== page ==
‘Robin Hood’ misses the mark
When I was a little girl, I watched the story of the legend of a hero who would steal from the rich to give to the poor. A hero who wanted justice for the people and would always find a way to cheat death to help more people.
This selfless, entertaining and sophisticated character, who captured my attention at a very young age and became my favorite hero, is the 1973 Disney version of Robin Hood. The 2018 adaptation, directed by Otto Bathurst, tells the story of one of the most memorable characters in English literature.
What makes Robin Hood’s story great is his complexity and his quest to find a better solution for the people of Nottingham. Even though he is one of the most beloved characters, he is also known as a trickster. Who better to portray an arrogant and clever Robin Hood than my favorite Kingsman, Taron Egerton, known for playing Eggsy in the Kingsman franchise, followed by his sidekick Little John, played by Academy Award-winning actor Jamie Foxx.
The beginning of the movie gives the audience a clear understanding of what Robin is really fighting for, rather than creating a clear image of the cruelty of the Sheriff of Nottingham played by Ben Mendelsohn, or the poverty the people from Nottingham are suffering. Robin makes it loud and clear that his love interest for Marian, played by Eve Hewson, is what inspires him to persist after being sent to the crusades.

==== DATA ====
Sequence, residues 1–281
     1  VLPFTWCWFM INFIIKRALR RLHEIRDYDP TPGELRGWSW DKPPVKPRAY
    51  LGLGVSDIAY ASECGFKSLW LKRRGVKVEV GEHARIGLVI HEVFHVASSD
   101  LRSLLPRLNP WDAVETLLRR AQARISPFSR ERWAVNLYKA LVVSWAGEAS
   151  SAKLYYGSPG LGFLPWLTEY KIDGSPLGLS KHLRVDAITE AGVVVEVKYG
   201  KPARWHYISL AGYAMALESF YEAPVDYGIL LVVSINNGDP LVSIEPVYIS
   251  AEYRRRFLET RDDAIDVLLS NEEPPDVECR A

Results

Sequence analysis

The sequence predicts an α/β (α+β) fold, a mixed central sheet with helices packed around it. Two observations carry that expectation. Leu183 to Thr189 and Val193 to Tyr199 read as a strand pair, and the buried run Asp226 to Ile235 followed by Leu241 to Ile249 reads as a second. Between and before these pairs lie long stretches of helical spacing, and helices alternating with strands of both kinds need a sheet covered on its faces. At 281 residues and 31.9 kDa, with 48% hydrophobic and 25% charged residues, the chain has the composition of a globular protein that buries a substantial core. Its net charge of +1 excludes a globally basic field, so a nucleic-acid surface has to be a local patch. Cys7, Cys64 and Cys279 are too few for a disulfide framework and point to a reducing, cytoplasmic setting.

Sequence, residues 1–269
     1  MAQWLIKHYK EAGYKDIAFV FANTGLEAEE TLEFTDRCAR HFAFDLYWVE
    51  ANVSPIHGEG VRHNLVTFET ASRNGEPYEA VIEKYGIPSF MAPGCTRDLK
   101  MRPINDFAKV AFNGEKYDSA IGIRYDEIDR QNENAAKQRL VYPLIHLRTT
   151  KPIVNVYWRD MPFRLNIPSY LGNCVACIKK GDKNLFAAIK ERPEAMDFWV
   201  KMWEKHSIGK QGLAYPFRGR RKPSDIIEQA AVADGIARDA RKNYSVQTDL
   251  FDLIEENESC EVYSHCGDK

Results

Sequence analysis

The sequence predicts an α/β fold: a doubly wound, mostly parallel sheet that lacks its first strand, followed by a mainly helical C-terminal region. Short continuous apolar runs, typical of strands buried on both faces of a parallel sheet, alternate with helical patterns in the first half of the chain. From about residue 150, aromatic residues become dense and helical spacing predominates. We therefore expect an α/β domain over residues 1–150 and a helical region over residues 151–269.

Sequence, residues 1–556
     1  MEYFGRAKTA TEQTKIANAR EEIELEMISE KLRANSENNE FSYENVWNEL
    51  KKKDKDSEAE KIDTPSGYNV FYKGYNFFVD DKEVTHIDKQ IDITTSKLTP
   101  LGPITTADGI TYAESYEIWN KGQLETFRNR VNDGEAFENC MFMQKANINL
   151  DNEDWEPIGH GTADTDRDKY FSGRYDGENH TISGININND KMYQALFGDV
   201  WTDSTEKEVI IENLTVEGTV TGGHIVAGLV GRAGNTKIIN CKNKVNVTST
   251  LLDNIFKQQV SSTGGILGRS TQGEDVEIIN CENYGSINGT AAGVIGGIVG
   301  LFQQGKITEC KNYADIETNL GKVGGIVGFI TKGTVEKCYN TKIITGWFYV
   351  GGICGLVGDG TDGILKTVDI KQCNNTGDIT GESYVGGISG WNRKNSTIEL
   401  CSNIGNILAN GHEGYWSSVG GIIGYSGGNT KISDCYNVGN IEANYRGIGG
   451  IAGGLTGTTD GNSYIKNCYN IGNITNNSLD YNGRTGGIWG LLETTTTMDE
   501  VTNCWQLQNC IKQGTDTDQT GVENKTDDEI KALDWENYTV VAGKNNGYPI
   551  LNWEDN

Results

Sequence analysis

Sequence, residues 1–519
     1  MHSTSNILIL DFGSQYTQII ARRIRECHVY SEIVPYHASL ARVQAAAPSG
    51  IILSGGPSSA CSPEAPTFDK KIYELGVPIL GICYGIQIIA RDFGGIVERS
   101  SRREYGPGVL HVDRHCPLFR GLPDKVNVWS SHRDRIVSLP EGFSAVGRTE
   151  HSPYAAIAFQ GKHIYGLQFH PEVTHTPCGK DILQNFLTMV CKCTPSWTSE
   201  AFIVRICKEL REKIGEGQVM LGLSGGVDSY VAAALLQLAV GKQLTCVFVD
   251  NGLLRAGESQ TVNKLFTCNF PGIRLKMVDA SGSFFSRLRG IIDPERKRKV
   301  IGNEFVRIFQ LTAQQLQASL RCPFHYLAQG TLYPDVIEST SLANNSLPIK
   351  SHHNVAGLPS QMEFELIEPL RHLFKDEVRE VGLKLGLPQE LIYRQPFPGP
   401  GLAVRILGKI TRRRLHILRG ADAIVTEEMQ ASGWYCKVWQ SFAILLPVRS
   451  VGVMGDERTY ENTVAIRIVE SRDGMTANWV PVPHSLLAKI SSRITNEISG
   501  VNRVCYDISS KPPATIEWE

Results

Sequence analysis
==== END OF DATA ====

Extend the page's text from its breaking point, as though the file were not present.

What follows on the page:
Egerton puts on the hood and surprisingly changes the whole dynamic of Robin being focused and very precise in his strategies to fight for the people. Instead of Robin starting the vendetta against the sheriff, it was Little John who persuaded Robin to fight for a bigger cause, after he returned from war to find Marian in the arms of Will Scarlet, played by Jamie Dornan, which turns into a very important element of the story.
The chemistry between Robin and Little John was usually what kept me laughing when I was a kid because Robin was very reckless and Little John would always make him see the bigger picture to accomplish more.
The dynamic between Egerton and Foxx was very rigid and forced. Foxx did not know how to be a sidekick. Both actors proved to their audience that they are comfortable portraying any kind of character; however, both of them usually play the main character, which made it hard to contemplate either of them as a secondary character.
Even though we all know the story of Robin Hood, in my experience, the story was never a romantic one. What captured my attention about the story was the hero’s quest rather than the hero falling in love and getting the girl. I always enjoyed the love story, but it was the cherry on top.
On the contrary, this adaptation illustrates a romantic Robin who has to be constantly reminded that he must choose between the people of Nottingham or his love for Marian. This diminishes the essence of my favorite hero, who in every scenario picks the good of the people rather than the girl.
Overall, each character gave an amazing performance. The movie is well directed in the sense that it will make you want to keep watching; however, “Robin Hood” missed the cut because the hero’s quest was lost between Robin’s love interest and the lack of chemistry between the main characters.